If you are among the two-thirds of Americans opposing calls by Black Lives Matter to defund the police, think twice about saying so in public.
The Federal Reserve Bank of Chicago is the latest example of what you might face. On Friday it cut ties with a prominent University of Chicago economics professor, Harald Uhlig, who was a scholar at the bank, as reported by the Wall Street Journal. The Chicago Fed said it terminated Mr. Uhlig’s contract effective that day.
What was Uhlig’s sin?
A series of tweets criticizing Black Lives Matter’s call to defund police departments.
BLM had “just torpedoed itself, with its full-fledged support of #defundthepolice,” Uhlig tweeted.
“Time for sensible adults to enter back into the room and have serious, earnest, respectful conversations about it all… We need more police, we need to pay them more, we need to train them better,” he wrote.
The full text of the tweets is linked here.
If you think those comments seem harmless, you are not alone. Beyond the two-thirds of Americans who tell pollsters they oppose calls for defunding, you have to wonder how many more are afraid to answer polls honestly.
Uhlig also knocked those who tried to redefine what defunding means by claiming “it just means funding schools (who isn’t in favor of that?!?).” He was absolutely right to do that. We wrote just this week why calls to defund mean just that, which was affirmed by a New York Times column Friday headlined, “Yes, We Mean Literally Abolish the Police.”
The Chicago Fed wasn’t the first to go after Uhlig for his tweets. Earlier reactions were covered by both the Wall Street Journal and Business Insider, reactions the National Review described as a mob attack on academic freedom.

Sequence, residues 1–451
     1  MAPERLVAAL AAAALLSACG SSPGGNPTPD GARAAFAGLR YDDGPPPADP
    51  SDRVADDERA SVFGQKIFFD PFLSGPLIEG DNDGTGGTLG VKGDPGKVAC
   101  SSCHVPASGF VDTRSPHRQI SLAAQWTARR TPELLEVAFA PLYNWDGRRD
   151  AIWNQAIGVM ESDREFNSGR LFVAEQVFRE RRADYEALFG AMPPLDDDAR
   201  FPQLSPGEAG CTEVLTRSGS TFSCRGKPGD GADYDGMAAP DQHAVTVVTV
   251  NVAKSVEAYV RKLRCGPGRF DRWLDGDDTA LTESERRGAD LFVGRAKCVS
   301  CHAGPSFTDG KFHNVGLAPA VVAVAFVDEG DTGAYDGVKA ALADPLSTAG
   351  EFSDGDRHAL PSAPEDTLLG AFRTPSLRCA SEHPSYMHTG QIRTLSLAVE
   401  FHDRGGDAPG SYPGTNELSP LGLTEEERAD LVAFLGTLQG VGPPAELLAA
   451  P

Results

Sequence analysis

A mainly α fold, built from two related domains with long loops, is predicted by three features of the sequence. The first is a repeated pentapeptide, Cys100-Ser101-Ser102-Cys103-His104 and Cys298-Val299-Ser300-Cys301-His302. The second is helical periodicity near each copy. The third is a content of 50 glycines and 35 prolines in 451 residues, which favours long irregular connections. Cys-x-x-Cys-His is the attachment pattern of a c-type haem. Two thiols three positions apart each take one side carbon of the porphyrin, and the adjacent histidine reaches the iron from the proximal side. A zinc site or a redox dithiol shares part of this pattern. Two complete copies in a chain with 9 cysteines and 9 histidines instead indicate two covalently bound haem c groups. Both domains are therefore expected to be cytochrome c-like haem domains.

Over the past few years we learned to expect, even to shrug off, charges of racism or insensitivity over even the most sensible or innocuous comments.
What’s new just in the past month, however, is far more frightening.
It’s the surrender by so many companies and institutions to intimidation by the most radical voices, such as those who would defund the police. Contributions to Black Lives Matter are pouring in from corporate America and dissenting voices are being muzzled and punished. The Federal Reserve Bank properly guards its independence, and its local banks pride themselves on independence even from one another. But for the Chicago Fed, that independence apparently ends when the mob shows up.
These are terrifying times for reasons far beyond law and order. This is about freedom of expression and America itself.